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Weekend Notes (Vol. 1, No. 15)


 

When Parliament was last in session (after a week off, it returns on Monday), Ken Dryden made a valiant, if clumsy, attempt at invoking Richard Nixon and Watergate to Stephen Harper and the Chuck Cadman affair. Dryden tends to overplay his hand. To use another sports analogy, he’s comparable to a strike-out prone slugger in baseball (Rob Deer, perhaps). When he connects, it’s mesmerizing to behold. But a lot of times he’s going to swing hard and miss wildly, embarrassing himself in the process.

Not that there isn’t a Nixon comparison to be made. Here, for instance, a pair of Canadians make the connection much more convincingly. In the pages of a British paper at that. The kicker: “Canadians should rightly wonder why their head of government has such a problem with so many Canadian institutions.”

Jeet Heer, in a previous life, was an arts writer at that well-known socialist rag, the National Post.

-To the massive conspiracy against Stephen Harper—which, at last count, included the RCMP, Elections Canada, the CBC, the Liberal Party of Canada and the Supreme Court of Canada—you can now add the Organization for Security and Co-operation in Europe’s Office for Democratic Institutions and Human Rights. Obviously.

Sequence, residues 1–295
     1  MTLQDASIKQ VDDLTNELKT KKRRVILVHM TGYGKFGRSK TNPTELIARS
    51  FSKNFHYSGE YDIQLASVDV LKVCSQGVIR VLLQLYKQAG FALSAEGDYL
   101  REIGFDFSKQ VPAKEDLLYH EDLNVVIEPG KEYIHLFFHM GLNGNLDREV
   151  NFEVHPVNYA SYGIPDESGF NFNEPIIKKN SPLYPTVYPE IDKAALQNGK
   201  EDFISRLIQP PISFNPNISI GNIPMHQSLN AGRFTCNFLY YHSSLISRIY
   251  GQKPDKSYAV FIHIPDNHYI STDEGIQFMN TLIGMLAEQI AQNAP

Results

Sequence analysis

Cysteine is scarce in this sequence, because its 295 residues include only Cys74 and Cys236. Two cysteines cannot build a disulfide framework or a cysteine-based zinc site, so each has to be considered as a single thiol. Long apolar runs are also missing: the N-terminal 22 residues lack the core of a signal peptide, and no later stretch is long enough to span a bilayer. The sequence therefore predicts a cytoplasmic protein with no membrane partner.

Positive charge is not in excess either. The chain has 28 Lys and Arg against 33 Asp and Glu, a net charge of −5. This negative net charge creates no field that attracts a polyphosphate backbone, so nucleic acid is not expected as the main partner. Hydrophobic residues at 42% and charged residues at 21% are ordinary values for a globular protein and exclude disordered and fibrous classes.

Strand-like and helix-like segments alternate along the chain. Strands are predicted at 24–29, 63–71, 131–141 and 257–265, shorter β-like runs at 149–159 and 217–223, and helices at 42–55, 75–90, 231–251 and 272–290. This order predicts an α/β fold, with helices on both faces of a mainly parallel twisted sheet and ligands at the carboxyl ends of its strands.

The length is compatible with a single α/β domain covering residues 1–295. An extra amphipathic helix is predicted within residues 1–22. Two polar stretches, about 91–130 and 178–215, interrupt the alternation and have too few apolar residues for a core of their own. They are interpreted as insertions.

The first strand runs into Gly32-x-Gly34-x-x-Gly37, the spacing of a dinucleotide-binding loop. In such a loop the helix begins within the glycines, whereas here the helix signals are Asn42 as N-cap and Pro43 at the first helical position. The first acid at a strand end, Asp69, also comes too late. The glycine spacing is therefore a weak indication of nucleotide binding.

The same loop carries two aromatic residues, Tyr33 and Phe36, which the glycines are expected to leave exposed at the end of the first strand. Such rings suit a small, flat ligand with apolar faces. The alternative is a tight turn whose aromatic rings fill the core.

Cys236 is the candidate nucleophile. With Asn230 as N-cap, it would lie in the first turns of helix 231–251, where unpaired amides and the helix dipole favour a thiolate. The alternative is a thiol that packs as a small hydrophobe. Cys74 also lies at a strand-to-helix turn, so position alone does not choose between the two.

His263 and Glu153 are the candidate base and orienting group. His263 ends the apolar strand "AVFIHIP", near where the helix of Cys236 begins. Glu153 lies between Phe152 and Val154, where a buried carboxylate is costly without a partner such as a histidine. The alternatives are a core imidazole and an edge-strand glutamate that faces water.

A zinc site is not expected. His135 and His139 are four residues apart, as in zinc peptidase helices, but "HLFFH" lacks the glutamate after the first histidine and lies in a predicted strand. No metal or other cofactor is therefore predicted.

-Oh, also the Conservative party’s own candidates.

Simon Hoggart on the British Tory leader: “Being assailed by David Cameron must be like losing a pillow fight.”

-The National Post declares: “The war for control of the Liberal Party of Canada is back on.” Apparently that war they, and others, have been obsessively detailing for the last year and a half ended at some point recently.

-Some speculation on the next Supreme Court justice can be found here. Best line: “It’s time for Peter MacKay to stop prancing around in Afghanistan and get down to business on behalf of his alma mater.”

-And, finally, Esquire pays tribute to the rhetoric of city politics. (This clip, from the chambers of Toronto city council, made the rounds not so long ago.) If nothing else, this should serve to remind how much worse discourse in the House could yet get.


 

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